China bans crypto trading and mining


China’s most powerful regulators have intensified a crackdown on cryptocurrencies with a blanket ban on all crypto transactions and mining, hitting bitcoin and other major coins and pressuring crypto and blockchain-related stocks.

Ten agencies – including the central bank, financial, securities and foreign exchange regulators – vowed to work together to root out “illegal” cryptocurrency activity, the first time the Beijing-based regulators have joined forces to explicitly ban all cryptocurrency-related activity.

China in May banned financial institutions and payment companies from providing services related to cryptocurrency transactions and issued similar bans in 2013 and 2017.

The repeated prohibitions highlight the challenge of closing loopholes and identifying bitcoin-related transactions, although banks and payment firms say they support the effort.

Friday’s statement is the most detailed and expansive yet from the country’s main regulators, underscoring the government’s commitment to suffocating the Chinese crypto market.

“In the history of crypto market regulation in China, this is the most direct, most comprehensive regulatory framework involving the largest number of ministries,” said Winston Ma, NYU Law School adjunct professor.

The move comes amid a global cryptocurrency crackdown as governments fret that privately operated highly volatile digital currencies could undermine their control of the financial and monetary systems, increase systemic risk, promote financial crime and hurt investors.

They also worry that “mining,” the energy-intensive computing process through which bitcoin and other tokens are created, is hurting global environmental goals.

Chinese government agencies have repeatedly raised concerns that cryptocurrency speculation could disrupt the country’s economic and financial order, one of its top priorities.

Analysts say China also sees cryptocurrencies as a threat to its sovereign digital-yuan, which is at an advanced pilot stage.

“Beijing is so hostile to economic freedom they cannot even tolerate their people participating in what is arguably the most exciting innovation in finance in decades,” top US Republican Senator Pat Toomey tweeted.

While US regulators are closely scrutinising digital asset risks, they have said they also offer opportunities, including to promote financial inclusion.

The People’s Bank of China (PBOC) said cryptocurrencies must not circulate and that overseas exchanges are barred from providing services to China-based investors.

“Virtual currency derivative transactions are all illegal financial activities and are strictly prohibited,” the PBOC said on its website.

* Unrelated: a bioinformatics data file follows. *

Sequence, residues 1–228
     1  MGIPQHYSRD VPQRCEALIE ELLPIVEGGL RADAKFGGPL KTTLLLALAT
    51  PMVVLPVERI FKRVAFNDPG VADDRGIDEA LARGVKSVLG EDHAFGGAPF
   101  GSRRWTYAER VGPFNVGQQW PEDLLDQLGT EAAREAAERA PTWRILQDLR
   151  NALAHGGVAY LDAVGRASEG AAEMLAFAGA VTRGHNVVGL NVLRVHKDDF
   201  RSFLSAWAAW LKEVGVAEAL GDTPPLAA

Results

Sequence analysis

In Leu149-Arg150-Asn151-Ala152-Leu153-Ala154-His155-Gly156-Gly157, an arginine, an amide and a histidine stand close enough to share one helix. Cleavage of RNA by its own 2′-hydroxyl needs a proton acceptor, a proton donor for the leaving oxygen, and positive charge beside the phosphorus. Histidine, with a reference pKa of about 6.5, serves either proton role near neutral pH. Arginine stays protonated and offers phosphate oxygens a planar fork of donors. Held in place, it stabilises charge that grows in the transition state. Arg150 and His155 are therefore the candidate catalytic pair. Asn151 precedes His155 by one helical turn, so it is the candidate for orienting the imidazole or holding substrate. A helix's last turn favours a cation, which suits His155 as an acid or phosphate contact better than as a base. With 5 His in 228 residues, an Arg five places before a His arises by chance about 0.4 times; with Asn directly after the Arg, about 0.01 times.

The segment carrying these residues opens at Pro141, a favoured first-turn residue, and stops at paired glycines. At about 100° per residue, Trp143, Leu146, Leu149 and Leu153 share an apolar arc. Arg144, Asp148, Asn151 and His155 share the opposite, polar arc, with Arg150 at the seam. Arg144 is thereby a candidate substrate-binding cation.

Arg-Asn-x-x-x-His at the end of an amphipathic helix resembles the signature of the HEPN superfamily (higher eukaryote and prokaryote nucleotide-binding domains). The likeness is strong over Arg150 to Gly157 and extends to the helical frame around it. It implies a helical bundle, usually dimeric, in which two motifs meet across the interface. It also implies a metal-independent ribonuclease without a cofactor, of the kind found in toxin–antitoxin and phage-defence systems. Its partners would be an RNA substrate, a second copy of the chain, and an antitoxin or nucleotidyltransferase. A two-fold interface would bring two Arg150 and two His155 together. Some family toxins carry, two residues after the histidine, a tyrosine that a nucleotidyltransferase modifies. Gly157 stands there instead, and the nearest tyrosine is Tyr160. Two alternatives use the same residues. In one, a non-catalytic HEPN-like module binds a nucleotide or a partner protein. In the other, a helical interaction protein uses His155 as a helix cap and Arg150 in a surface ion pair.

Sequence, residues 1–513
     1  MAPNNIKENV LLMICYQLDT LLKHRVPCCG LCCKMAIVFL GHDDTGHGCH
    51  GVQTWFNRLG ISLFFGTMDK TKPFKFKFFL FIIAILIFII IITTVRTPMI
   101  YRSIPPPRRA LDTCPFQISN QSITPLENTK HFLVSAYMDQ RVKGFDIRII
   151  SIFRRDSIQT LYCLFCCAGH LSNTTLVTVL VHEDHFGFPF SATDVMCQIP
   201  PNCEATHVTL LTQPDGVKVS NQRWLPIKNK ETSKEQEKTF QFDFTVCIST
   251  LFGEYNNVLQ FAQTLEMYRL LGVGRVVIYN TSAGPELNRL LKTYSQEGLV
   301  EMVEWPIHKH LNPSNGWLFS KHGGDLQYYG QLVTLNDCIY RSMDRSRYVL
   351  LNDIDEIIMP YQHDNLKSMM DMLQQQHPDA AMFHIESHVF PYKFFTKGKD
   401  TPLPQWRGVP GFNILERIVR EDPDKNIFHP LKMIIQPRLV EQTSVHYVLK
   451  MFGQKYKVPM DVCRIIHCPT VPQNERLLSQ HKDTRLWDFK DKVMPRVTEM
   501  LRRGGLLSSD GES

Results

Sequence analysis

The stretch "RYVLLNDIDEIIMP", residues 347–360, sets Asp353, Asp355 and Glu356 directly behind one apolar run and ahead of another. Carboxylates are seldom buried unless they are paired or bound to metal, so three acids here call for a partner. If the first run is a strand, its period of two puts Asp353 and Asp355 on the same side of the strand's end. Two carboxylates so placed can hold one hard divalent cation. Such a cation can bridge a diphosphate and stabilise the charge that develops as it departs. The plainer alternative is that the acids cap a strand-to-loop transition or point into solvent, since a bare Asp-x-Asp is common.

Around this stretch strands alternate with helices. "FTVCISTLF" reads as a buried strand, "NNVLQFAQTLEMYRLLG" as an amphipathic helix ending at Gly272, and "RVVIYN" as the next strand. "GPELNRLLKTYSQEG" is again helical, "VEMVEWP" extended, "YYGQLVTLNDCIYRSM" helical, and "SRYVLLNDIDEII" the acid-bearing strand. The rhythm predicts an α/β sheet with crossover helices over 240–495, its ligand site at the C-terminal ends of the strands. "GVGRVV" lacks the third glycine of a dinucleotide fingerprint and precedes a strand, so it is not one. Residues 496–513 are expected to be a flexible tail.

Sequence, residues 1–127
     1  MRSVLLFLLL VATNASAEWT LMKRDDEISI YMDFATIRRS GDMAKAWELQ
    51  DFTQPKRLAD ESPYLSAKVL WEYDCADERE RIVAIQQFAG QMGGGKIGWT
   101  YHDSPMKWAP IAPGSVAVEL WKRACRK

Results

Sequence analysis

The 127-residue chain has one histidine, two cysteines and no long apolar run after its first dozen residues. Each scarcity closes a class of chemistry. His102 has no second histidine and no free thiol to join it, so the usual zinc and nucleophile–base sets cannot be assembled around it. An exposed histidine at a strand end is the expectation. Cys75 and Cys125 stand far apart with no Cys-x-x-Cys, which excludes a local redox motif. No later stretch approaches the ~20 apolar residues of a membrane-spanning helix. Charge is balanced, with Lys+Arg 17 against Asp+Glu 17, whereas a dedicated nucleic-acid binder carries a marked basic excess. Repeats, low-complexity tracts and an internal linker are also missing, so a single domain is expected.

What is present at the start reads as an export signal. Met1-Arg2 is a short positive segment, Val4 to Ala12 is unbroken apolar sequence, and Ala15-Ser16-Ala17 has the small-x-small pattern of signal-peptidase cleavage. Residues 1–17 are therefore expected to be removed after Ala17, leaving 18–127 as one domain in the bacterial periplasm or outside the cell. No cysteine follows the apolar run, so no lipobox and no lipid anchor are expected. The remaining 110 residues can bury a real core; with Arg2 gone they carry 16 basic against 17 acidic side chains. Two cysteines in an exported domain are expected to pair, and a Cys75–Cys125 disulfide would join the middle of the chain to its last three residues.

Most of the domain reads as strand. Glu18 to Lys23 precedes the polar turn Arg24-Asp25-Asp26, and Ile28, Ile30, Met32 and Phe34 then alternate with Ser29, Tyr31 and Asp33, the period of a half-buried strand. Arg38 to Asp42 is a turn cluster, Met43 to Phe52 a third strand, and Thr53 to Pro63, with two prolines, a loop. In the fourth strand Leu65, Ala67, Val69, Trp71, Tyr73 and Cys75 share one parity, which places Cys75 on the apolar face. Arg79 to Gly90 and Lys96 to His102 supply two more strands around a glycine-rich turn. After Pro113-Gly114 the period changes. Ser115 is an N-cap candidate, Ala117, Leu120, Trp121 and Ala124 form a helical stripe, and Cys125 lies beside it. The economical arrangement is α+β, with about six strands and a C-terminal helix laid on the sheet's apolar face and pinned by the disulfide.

It also barred financial institutions, payment companies and internet firms from facilitating cryptocurrency trading across the country.

The government will “resolutely clamp down on virtual currency speculation … to safeguard people’s properties and maintain economic, financial and social order,” the PBOC said.

China’s National Development and Reform Commission said it will work to cut off financial support and electricity supply for mining, which it said spawns risks and hampers emissions neutrality goals.

Bitcoin, the world’s largest cryptocurrency, dropped more than 9 per cent before paring those losses.

It was down 6.6 per cent to $US41,937 on Saturday morning AEST.

Smaller coins, which typically mimic bitcoin, also tumbled.

China’s cabinet vowed in May to crack down on bitcoin mining and trading as it sought to mitigate financial risks, without going into details, sending bitcoin tumbling 30 per cent in a day.

Friday’s news dashed hopes among crypto-enthusiasts that the cabinet would fail to follow through on its threat.

“This is the manifestation of the crypto mining and trading crackdown announcement … back in May,” said NYU’s Ma.

Virtual currency mining had been big business in China before May, accounting for more than half the world’s crypto supply, but miners have been moving overseas.

“The losers in all of this are plainly the Chinese,” said Christopher Bendiksen, head of research at digital asset manager CoinShares.

“They will now lose around $US6 billion worth of annual mining revenue, all of which will flow to the remaining global mining regions,” he added, citing Kazakhstan, Russia and the United States.

Australian Associated Press



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